Protecting Folders with Nginx

This question comes up every so often, and its actually fairly easy besides the fact you do not use an .htaccess file. To do so we’ll need the auth_basic module which comes included with Nginx.

First we’ll need to create a password file, you can create this in the folder you wish to protect (though the file can reside anywhere Nginx has access to).

Creating .htpasswd

If you previously had apache/httpd installed on your machine you may still have some of the utilities that came with it. In this case we’ll want to use the htpasswd command:

htpasswd -c /var/www/ username

When you run the above command, it will prompt you for a password for the provided username, and then create the file .htpasswd in the folder you specified. If you already have a pre-existing password file, you can omit the -c flag. You can use the -D flag to remove the specified user from a password file.

If you do not have htpasswd on your system, you can create the file yourself which each line in the format of:


To generate the encrypted password you can use Perl which is installed on most systems.

perl -le 'print crypt("your-password", "salt-hash")'

Or you can use Ruby via the interactive console command ‘irb’:


Setting up Nginx

Add protection for the /admin folder.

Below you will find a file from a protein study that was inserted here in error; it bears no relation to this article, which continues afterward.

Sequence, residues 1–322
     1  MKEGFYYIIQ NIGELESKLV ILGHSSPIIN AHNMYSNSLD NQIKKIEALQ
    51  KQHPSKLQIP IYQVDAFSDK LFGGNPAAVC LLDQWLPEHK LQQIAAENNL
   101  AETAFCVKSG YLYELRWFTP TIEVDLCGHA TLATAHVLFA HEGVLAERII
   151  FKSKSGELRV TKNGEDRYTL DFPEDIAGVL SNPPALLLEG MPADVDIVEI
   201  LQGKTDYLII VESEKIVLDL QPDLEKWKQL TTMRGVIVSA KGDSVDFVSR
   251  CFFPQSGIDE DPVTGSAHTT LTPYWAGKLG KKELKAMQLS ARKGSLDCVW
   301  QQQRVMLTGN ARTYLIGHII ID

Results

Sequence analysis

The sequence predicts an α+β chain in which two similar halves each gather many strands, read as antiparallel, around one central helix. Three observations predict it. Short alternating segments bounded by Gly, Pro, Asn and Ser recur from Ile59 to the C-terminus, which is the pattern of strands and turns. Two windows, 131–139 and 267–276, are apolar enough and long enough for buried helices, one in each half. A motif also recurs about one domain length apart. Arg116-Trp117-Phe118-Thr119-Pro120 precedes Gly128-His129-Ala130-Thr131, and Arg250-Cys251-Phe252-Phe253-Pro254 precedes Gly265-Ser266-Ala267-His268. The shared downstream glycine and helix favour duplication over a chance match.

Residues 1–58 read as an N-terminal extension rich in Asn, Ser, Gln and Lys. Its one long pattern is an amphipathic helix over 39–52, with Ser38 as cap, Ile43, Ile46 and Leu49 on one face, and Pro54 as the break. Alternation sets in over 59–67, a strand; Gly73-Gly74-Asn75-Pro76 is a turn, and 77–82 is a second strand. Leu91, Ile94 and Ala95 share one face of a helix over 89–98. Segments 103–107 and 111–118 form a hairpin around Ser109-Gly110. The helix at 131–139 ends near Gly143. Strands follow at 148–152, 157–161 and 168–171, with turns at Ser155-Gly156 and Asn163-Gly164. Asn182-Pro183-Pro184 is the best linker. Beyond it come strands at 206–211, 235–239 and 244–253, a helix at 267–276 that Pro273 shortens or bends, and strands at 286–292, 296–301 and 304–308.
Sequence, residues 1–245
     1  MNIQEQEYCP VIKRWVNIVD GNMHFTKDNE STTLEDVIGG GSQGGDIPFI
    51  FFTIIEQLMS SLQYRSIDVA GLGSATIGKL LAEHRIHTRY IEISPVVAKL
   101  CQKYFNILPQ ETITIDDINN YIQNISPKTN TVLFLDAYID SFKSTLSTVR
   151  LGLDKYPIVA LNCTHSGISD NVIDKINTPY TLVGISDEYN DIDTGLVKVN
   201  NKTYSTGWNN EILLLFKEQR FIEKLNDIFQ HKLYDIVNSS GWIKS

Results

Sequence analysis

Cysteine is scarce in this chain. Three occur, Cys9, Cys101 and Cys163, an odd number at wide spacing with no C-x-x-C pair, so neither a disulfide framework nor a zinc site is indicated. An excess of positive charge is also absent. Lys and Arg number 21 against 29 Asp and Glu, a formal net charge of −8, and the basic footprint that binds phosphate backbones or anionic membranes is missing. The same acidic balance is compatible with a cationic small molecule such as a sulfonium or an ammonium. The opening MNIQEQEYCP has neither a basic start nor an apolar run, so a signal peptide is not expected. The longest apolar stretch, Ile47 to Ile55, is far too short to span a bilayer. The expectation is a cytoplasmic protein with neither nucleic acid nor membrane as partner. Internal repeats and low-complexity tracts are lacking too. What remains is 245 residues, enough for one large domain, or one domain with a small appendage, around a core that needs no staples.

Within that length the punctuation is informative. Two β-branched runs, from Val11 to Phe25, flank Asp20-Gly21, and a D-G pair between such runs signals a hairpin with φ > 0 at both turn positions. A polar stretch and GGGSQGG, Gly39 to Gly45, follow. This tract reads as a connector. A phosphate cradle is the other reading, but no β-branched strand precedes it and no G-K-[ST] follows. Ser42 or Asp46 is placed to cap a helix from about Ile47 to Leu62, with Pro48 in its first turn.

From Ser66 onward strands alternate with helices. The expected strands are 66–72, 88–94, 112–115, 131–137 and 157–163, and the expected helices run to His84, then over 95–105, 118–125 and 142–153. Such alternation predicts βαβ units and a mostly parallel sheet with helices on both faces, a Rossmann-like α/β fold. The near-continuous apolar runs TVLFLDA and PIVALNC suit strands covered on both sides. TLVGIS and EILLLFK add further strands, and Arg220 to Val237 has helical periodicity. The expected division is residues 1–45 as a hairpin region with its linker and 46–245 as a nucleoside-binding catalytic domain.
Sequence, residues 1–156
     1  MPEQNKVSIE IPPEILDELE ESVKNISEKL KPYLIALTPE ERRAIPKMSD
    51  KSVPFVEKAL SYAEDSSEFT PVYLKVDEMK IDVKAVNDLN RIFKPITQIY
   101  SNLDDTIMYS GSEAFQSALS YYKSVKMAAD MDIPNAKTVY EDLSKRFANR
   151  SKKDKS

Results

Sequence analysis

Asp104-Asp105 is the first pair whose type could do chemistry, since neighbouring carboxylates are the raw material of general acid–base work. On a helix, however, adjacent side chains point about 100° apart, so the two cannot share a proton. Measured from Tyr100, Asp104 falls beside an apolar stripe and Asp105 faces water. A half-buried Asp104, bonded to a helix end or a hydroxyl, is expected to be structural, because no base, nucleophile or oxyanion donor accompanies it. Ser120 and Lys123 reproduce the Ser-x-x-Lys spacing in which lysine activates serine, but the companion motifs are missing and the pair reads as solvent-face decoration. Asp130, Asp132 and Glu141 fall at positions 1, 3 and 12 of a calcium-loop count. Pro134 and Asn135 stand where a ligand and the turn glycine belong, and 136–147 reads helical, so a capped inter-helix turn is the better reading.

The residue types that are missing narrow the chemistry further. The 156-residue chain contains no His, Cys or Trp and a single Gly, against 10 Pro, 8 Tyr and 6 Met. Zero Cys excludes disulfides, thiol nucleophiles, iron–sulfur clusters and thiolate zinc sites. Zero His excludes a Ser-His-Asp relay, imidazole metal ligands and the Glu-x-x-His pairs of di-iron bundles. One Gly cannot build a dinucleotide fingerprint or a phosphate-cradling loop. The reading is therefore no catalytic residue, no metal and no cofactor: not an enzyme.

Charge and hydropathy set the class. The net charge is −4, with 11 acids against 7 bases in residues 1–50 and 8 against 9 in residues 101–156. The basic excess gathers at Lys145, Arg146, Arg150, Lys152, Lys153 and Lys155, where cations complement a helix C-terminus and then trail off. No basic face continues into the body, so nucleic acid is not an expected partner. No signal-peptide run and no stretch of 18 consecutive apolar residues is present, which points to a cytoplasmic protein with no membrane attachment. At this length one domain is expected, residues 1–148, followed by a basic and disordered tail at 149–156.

server {
    listen 80;
    location / { 
        # your normal content
    location /admin {
        auth_basic "Administrator Login";
        auth_basic_user_file /var/www/;
    #!!! IMPORTANT !!! We need to hide the password file from prying eyes
    # This will deny access to any hidden file (beginning with a .period)
    location ~ /\. { deny  all; }

With the above access to the admin directory will prompt the user with a basic authentication dialog, and will be challenged against the password file provided.

Additional Security Considerations

The password file itself does not have to be named .htpasswd, but if you do store it a web-accessible location make sure to protect it. With the last location block above using any name with a period in front should be protected from web-access.

The safest place to store a password file is outside of the web-accessible location even if you take measures to deny access. If you wish to do so, you can create a protected folder in your nginx/conf directory to store your password files (such as conf/ and load the user file from that location in your configuration.

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